The agreed pool for comparison consisted of the Claimants and the comparators. Even though there were only 11 in the pool, the ET was entitled to find that the statistics were stark and not fortuitous or short term. It was fair to describe the work undertaken by the Claimants as “women’s work” and the ET was entitled to find that it was “women’s work”. It did not matter that the Claimants benefitted from the Audit Commission’s policy of protecting pay. The ET had correctly asked itself whether the policy of maintain existing pay points disproportionately impacted on the women when compared to the men. The absence of historic discrimination prior to 1st October 2007 was irrelevant because the Claimants’ claim was only for the period after 1st October 2007.
The application of the legal principles to the facts is eloquently summarised by Mummery LJ in paragraph 124 of his judgment:
“The decisive point for me on the indirect indiscrimination issue is in appreciating the significance of the changes made on 1 October 2007. Before then there were differences in pay, but there was no discrimination, because the IIOs and the SIIOs were not employed on like work. If that had continued the Claimants would not have had an equal pay claim. But it did not continue. After that date the Claimants and the comparators were all doing like work as ISOs, but for significantly disparate pay. The application of the pay protection policy to all the employees in that changed situation ensured that that difference in pay situation continued and even increased. There was, in those circumstances a rebuttable presumption of discrimination, which the Commission was unable to rebut by reliance on the GMF defence, because the presence of disparate adverse impact on women doing like work was itself evidence of sex taint”
The Court of Appeal judgment on objective justification
All members of the Court of Appeal agreed that the ET had made an error of law on the issue of objective justification. However, they disagreed on whether the decision of the EAT on objective justification should stand, or whether the case should be remitted to the ET on the issue of objective justification. Mummery LJ considered that the case should be remitted because the EAT had not assessed objective justification in a proper structured way because it proceeded, erroneously, on the basis that there was no indirect discrimination.
The majority judgment of Lewison LJ and Sir Mark Waller
The majority determined that the case should not be remitted in judgments which are not easy to follow. In the judgment of Lewison LJ the Audit Commission’s policy of protecting pay was or was analogous to the implementation of a “grandfather clause” and he held that Lady Hale in Homer v Chief Constable of West Yorkshire Police  UKSC 15 had “given a steer about the acceptability of a “grandfather clause”. The comments of Lady Hale reinforced his view that the decision of the EAT on objective justification was established. The EAT was entitled to substitute its own view on objective justification because all the facts had been found.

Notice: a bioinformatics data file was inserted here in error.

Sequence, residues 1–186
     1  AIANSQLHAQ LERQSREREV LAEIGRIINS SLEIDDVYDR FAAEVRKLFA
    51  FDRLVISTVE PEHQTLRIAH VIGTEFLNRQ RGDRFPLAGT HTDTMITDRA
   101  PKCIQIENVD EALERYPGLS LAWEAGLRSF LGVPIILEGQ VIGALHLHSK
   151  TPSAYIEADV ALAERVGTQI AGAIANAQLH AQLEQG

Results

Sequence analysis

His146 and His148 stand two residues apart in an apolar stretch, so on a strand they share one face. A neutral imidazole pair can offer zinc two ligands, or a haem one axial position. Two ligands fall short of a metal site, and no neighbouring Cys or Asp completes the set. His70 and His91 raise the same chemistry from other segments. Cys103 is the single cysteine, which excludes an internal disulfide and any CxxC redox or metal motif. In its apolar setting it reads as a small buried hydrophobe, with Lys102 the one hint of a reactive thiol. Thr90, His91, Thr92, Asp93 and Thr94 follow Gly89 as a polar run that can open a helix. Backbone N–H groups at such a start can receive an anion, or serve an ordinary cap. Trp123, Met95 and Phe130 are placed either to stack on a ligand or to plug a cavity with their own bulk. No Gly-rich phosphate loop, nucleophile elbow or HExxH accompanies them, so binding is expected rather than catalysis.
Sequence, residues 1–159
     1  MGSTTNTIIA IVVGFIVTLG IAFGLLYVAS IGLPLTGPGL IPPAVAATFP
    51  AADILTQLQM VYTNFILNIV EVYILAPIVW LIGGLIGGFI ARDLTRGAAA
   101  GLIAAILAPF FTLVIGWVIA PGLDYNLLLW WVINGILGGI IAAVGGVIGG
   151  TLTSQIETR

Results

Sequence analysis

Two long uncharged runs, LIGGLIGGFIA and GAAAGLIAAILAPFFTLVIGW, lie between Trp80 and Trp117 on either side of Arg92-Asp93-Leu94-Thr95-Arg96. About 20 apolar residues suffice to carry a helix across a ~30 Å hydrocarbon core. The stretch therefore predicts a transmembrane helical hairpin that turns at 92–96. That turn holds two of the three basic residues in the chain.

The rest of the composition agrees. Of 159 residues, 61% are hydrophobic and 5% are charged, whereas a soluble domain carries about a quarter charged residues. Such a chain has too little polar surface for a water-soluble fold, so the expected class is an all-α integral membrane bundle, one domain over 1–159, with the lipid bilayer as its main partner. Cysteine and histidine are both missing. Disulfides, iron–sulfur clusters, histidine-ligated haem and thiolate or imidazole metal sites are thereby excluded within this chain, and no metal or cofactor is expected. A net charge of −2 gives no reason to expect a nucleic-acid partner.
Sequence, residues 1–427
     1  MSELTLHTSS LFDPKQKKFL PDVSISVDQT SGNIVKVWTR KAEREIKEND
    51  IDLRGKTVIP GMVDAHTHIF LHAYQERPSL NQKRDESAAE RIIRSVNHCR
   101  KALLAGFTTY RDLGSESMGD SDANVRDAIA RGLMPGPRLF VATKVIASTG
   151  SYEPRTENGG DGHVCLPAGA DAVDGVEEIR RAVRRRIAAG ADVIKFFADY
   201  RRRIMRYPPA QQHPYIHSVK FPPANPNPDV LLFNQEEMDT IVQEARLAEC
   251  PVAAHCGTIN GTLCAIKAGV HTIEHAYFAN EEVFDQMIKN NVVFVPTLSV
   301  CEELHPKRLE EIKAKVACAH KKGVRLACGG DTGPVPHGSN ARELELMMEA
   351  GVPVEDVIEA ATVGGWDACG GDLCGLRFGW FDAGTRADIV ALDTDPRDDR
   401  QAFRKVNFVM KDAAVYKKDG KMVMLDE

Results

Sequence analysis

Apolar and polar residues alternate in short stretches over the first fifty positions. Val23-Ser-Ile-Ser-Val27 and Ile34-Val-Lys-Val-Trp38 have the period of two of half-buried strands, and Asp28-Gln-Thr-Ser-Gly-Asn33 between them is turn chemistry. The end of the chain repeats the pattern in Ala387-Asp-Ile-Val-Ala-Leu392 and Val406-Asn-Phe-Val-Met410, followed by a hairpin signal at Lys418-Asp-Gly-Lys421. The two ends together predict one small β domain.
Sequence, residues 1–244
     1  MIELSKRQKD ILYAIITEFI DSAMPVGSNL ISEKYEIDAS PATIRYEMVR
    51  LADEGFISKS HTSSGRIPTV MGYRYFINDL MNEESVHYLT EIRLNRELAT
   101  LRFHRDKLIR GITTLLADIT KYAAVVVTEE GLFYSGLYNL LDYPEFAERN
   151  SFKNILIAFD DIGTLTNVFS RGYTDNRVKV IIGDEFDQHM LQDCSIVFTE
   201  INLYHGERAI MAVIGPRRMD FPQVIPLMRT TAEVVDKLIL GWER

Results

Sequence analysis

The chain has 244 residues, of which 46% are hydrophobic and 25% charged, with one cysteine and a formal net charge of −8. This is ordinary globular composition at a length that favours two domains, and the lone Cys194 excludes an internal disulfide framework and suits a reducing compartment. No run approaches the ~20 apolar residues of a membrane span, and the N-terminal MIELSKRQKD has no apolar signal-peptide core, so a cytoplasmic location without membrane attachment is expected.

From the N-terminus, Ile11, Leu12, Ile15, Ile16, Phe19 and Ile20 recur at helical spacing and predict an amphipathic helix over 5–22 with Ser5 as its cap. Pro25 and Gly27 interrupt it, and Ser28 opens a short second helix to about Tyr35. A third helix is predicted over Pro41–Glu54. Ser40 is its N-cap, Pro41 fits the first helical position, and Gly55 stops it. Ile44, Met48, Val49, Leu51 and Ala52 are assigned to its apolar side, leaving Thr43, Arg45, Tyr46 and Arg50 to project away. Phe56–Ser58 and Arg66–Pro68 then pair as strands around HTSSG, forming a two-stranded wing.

Sir Mark Waller agreed with Lewison LJ. He acknowledged that the criticisms of the EAT’s approach identified by Mummery LJ had some validity but that they did not go to “certain critical matters on which they were entitled to substitute their own views for those of the EAT”. Sir Mark Waller does not spell out in his judgment what the critical matters were or why they were so important that they outweighed the criticisms of the EAT’s approach.
This case illustrates that prima facie indirect discrimination can be established even where the pool is very small, in particular where a job has been dominated by or carried out exclusively by women because of its compatibility with childcare commitments. It also establishes that prima facie indirect discrimination may be made out even in the absence of historic discrimination.
The case is also a useful illustration of the important point that it is not necessary in order to demonstrate disparate impact to show that there is a high proportion of women in the disadvantaged group and a high proportion of men in the advantaged group. Either may be sufficient to demonstrate indirect impact. In this case it was sufficient that the job of IIO was “women’s work”. It was not necessary also to show that the job of SIIO was “men’s work”.
Objective justification is always a question of fact. The weighing of a legitimate aim against the discriminatory effect of a policy is a balancing exercise to be carried out by the ET and by the EAT if it is to substitute its view for that of the ET. This has recently been reaffirmed in Homer. Although the Claimants will not be pursuing an appeal to the Supreme Court, it is unlikely that the judgments of the majority on objective justification, which contained no analysis of whether the EAT had applied the necessary structured approach, will provide any great assistance to claimants’ or respondents’ representatives in the future.